This situation made me so much more empathetic to people infected by this deadly disease because I saw how people reacted to me and my son—and this was just because someone put two and two together and it equaled seven. I couldn’t even imagine the horrible life of people infected as they were handed that death sentence.

Many movies were made about the horror of this disease focusing on the pain these men went through. However, other than Precious, a movie about a teenage girl infected via sex with her addicted father, very little has been said about the women who died from this terrible death—meaning those women who were infected by their gay husbands. No movies or tributes have been done for them—and I know I was working with seven different women who died during those years--not from sharing needles, but from sharing their husbands with gay infected men. All of these seven women were blindsided—they learned of their husbands’ homosexuality when one or the other became ill. Both of them—husband and wife--died leaving orphans behind. Going through the nightmare with these women forced me to take a step away for ten years because I couldn’t deal with the emotional pit in my stomach anymore. It was too deep.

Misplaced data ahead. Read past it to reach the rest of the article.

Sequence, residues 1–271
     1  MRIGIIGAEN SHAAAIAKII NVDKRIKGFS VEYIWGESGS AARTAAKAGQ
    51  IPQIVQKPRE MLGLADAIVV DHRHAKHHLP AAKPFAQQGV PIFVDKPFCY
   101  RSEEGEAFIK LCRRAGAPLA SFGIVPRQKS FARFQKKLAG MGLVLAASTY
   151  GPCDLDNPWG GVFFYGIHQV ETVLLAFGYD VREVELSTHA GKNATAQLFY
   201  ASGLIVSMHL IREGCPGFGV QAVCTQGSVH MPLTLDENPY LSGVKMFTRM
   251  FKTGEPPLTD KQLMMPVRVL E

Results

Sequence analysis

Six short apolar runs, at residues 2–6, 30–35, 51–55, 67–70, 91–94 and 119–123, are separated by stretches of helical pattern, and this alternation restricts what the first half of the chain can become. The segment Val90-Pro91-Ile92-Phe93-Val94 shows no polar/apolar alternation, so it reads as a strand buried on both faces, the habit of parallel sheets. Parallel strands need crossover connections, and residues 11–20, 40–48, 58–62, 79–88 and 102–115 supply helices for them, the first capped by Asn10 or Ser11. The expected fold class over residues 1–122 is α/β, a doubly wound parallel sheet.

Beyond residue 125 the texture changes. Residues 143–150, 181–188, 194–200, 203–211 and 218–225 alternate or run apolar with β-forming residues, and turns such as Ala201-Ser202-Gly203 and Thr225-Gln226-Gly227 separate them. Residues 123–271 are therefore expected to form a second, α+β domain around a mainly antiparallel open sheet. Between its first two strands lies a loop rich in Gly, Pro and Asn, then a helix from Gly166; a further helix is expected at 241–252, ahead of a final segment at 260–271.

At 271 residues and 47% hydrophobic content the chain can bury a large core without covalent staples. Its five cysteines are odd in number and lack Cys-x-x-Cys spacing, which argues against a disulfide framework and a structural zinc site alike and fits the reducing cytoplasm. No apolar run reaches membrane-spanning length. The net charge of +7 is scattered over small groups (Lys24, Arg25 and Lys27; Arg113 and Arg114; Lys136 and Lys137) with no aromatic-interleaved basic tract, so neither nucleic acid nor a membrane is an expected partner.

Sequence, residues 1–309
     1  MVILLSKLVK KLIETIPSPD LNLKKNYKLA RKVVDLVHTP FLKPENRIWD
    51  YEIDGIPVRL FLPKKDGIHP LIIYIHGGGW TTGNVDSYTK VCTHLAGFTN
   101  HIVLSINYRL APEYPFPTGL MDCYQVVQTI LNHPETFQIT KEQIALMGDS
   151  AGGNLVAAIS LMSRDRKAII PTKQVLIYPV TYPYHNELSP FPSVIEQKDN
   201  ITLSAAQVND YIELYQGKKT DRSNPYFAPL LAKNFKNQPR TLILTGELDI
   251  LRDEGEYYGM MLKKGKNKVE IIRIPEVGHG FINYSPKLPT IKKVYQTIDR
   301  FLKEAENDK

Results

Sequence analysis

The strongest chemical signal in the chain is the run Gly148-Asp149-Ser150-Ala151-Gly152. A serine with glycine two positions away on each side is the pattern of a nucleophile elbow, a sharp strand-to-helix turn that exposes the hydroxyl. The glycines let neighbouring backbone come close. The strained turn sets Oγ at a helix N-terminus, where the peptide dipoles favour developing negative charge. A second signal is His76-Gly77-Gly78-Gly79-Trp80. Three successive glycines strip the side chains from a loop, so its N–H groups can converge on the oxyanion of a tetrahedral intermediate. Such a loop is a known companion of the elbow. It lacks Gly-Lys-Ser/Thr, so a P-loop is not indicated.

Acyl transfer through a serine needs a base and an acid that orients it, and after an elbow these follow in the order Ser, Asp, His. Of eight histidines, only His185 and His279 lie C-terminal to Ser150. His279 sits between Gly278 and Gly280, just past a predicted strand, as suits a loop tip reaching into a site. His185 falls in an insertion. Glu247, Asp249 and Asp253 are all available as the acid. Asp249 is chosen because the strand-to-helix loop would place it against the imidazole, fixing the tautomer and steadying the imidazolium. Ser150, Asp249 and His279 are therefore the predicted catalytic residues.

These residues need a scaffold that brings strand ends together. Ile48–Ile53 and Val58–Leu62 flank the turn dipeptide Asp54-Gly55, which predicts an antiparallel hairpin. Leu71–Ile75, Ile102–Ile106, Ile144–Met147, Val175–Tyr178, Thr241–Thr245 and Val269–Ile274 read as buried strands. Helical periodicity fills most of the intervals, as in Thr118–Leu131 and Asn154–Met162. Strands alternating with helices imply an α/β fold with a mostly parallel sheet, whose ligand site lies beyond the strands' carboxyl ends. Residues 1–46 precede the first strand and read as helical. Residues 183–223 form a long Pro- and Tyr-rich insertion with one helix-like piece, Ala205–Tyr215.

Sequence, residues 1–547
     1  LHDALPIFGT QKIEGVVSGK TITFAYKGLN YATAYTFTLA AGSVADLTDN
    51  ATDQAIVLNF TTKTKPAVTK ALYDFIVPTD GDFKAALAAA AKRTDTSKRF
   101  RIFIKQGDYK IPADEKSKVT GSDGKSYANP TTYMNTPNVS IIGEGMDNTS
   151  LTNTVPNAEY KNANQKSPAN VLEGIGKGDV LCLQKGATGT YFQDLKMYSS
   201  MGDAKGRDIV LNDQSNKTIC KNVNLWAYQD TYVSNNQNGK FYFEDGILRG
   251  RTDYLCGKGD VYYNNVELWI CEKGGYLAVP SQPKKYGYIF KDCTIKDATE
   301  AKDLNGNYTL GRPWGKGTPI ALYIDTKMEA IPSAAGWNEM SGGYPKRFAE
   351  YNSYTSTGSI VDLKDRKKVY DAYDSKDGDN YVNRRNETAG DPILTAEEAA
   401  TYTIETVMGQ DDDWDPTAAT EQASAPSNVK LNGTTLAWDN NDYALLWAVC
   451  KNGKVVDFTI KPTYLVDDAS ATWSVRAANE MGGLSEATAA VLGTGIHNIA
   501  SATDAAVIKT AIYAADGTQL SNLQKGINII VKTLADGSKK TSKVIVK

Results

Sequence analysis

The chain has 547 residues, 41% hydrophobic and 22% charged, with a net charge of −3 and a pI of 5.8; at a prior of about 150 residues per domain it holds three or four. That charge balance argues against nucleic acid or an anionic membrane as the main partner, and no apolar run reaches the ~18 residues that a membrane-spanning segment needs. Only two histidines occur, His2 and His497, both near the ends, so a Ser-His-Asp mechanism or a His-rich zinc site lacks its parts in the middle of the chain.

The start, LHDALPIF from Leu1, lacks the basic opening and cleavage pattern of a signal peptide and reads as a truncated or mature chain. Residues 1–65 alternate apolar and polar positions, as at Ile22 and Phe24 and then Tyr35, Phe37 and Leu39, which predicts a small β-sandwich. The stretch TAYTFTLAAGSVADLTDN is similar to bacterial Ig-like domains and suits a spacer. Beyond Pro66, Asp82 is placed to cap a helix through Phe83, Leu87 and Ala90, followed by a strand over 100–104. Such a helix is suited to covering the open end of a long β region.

Here I will tell the story of one of these women—Margie M. I met this lovely lady late in 1988. She had seen me on a television show locally here in Philadelphia several years before I “disappeared” from the public on television, and she found me on the Internet.  I’ll never forget our first call because her tears of hysteria are still fresh in my mind when I allow them to surface.

She called me and said she saw me on a show and felt I was the only one who would understand her. I told her that I am here for those women who find out their husbands are gay and that I understand her pain. She responded to me with:

          “No you don’t. You can’t possibly understand my pain.”

I replied that I had worked with over a thousand women at that point, and I really did understand. I had been there myself.

          “Well, let me ask you this, Bonnie,” she said. ‘How many other women have you worked with who won’t be alive to raise their children because they have AIDS?”